You adulterous people, don’t you know that friendship with the world is hatred toward God? Anyone who chooses to be a friend of the world becomes an enemy of God. Or do you think Scripture says without reason that the spirit he caused to live in us envies intensely? But he gives us more grace. James 4: 4 – 6
John the Baptist would never get hired today. No church would touch him. He was a public relations disaster. He “wore clothes made from camel’s hair, had a leather belt around his waist, and ate locusts and wild honey” (Mark 1:6). Who would want to look at a guy like that every Sunday?
His message was as rough as his dress: a no-nonsense, bare-fisted challenge to repent and be baptized because God was on his way.
John the Baptist set himself apart for one task, to be a voice of Christ. Everything about John centered on his purpose. His dress. His diet. His actions. His demands.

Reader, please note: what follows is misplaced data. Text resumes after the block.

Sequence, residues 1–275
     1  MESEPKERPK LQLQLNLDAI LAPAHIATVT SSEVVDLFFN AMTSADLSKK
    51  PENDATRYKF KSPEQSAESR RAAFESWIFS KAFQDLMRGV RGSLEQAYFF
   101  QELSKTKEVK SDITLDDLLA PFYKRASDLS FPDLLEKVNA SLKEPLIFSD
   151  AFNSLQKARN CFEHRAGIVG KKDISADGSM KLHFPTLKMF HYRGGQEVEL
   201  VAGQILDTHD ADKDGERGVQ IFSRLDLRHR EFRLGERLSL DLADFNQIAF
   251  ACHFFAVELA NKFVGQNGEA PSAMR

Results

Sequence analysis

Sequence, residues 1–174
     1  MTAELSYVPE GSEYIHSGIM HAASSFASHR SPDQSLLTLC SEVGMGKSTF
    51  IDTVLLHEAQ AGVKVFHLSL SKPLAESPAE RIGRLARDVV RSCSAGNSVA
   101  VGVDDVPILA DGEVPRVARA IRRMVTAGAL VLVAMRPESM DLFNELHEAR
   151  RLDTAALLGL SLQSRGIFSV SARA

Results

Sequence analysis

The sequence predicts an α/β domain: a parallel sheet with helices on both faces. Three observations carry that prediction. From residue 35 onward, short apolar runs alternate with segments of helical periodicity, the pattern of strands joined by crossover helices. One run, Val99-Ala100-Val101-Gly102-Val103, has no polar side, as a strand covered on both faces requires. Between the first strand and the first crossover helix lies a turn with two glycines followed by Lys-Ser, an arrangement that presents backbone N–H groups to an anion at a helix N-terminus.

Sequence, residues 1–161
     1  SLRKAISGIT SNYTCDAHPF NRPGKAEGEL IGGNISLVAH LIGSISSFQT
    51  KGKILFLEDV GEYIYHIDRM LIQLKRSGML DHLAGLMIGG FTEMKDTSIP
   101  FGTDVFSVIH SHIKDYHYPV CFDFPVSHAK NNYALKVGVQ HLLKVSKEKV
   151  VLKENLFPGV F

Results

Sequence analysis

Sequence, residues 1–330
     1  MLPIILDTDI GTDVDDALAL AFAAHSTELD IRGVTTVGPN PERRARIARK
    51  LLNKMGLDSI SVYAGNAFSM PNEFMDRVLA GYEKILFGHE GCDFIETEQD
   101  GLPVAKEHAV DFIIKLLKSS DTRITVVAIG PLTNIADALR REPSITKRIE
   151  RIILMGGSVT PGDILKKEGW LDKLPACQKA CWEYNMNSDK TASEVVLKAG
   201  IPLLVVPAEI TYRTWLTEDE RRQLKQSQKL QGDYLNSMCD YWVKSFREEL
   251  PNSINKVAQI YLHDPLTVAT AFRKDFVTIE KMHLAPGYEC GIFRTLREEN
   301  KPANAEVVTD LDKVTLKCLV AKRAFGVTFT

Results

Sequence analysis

You don’t have to be like the world to have an impact on the world. You don’t have to be like the crowd to change the crowd. You don’t have to lower yourself down to their level to lift them up to your level. Holiness doesn’t seek to be odd. Holiness seeks to be like God.
In a 1987 commencement address at Duke University, Ted Koppel, the news anchor for ABC’s Nightline said, “We have reconstructed the Tower of Babel and it is a television antenna, a thousand voices producing a daily parody of democracy in which everyone’s opinion is afforded equal weight regardless of substance or merit. Indeed, it can even be argued that opinions of real weight tend to sink with barely a trace in television’s ocean of banalities.”